While this was not their primary intent, the Pyramid Texts provide an introduction to the cult and pantheon of the gods current in Egypt during the Old Kingdom. The texts were undoubtedly produced by the theologians and scribes of the great center of sun worship, Heliopolis, where lay the "great mansion" of the sun god, Re-Atum. Reflecting the amazing political unity the Egyptian state had achieved under pharaonic administration by the middle of the third millennium bce, these Heliopolitan priests had synthesized the religion of the Nile Valley and Delta into a unified whole, and enlisted its aid in effecting the king's journey to the solar beyond (Anthes, 1959). The Pyramid Texts can, therefore, be used—with appropriate caution—as a source for Egyptian religion during the Old Kingdom.
The Coffin Texts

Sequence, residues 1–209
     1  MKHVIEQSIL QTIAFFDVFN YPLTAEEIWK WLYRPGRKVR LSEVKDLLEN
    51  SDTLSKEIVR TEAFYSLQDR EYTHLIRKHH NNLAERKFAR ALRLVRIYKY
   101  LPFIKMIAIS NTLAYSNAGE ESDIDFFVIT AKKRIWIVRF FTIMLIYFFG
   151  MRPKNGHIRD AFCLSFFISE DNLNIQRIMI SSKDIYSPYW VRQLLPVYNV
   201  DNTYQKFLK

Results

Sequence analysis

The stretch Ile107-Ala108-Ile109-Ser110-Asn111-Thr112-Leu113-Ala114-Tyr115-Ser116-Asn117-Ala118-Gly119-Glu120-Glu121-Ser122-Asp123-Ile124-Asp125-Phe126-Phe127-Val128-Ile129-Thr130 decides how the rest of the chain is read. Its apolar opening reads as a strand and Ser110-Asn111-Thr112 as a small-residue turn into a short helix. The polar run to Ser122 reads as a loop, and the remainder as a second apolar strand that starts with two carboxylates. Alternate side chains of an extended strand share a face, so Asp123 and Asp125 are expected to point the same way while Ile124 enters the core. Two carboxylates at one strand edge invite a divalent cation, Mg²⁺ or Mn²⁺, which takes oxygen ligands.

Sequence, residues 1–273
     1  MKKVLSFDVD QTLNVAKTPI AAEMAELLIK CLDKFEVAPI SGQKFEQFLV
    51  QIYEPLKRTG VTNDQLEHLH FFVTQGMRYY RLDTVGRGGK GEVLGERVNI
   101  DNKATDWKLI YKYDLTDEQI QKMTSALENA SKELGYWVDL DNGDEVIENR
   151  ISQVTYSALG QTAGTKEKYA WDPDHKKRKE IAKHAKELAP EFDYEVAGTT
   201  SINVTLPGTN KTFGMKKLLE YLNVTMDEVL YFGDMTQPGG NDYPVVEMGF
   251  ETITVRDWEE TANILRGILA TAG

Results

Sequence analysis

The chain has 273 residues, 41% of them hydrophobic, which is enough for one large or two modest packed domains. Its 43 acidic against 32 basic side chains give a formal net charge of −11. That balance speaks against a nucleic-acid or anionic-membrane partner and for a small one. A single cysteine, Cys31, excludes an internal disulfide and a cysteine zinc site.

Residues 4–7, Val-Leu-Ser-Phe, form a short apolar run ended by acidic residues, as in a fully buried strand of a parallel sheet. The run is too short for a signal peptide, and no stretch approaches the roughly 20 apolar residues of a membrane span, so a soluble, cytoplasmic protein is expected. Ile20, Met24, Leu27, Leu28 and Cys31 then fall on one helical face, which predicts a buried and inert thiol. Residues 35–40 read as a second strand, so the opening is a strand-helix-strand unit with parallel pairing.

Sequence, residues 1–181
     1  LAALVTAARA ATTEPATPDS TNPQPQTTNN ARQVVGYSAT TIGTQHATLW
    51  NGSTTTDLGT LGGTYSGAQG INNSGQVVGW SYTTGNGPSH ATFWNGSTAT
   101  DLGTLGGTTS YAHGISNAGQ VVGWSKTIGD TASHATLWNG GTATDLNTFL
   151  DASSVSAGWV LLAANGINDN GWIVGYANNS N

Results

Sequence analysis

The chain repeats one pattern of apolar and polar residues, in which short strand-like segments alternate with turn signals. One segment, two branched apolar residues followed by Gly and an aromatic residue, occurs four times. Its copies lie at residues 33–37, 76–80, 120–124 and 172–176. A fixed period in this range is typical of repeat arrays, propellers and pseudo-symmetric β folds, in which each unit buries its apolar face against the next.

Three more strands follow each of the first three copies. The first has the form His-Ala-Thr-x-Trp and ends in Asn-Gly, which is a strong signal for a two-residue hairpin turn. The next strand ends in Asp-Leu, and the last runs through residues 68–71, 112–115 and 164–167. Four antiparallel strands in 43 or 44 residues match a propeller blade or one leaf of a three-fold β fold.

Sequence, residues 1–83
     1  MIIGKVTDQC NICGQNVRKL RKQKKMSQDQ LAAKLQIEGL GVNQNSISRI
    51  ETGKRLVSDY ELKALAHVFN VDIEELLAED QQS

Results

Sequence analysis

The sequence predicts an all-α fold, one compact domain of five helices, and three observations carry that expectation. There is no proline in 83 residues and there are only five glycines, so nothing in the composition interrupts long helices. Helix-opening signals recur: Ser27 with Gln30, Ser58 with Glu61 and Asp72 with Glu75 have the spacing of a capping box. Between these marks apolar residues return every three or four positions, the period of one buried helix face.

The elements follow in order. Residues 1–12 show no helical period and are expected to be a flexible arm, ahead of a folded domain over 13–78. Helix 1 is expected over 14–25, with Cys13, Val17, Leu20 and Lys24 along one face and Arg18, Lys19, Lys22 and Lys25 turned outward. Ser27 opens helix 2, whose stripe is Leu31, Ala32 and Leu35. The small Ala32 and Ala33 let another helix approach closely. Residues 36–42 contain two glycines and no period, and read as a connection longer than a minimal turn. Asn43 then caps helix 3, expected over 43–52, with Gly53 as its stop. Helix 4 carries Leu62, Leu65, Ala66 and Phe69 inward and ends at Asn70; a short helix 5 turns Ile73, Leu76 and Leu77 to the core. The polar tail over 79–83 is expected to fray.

This body of literature, comprising more than 1,150 "spells" and called in Egyptian the Book of Justifying a Man in the Realm of the Dead, is known in numerous copies from the ninth dynasty through the thirteenth (c. 2150–1650 bce). Although a few extant fragments make it plain that the original was written up in papyrus copies, the vast majority of examples are found written in ink in vertical columns (in apparent imitation of the Pyramid Texts), on the insides of the large, rectangular wooden coffins that were characteristic of the period (Faulkner, 1973–1978). Unlike the Pyramid Texts, of which they could be considered a later development, the Coffin Texts often precede a spell with a rubric docket giving the purpose of the piece, and follow it with another supplying directions for use. The latter might suggest use by cult initiates during life, and indeed the Book of Two Ways has been taken to be a manual of initiation. On the other hand, the rubric headings of spells most frequently point to their construing by the ancients as magical incantations designed to circumvent obstacles, combat dangers, and ensure the well-being of the deceased in the next life. Over half of the spells are concerned with mystical transformations of the deceased into animals, gods, objects, or desirable elements in nature (the Nile, grain, air, and so on), and in a large proportion of them magical effectiveness is ensured by the knowledge of esoteric mythology to which the deceased lays claim.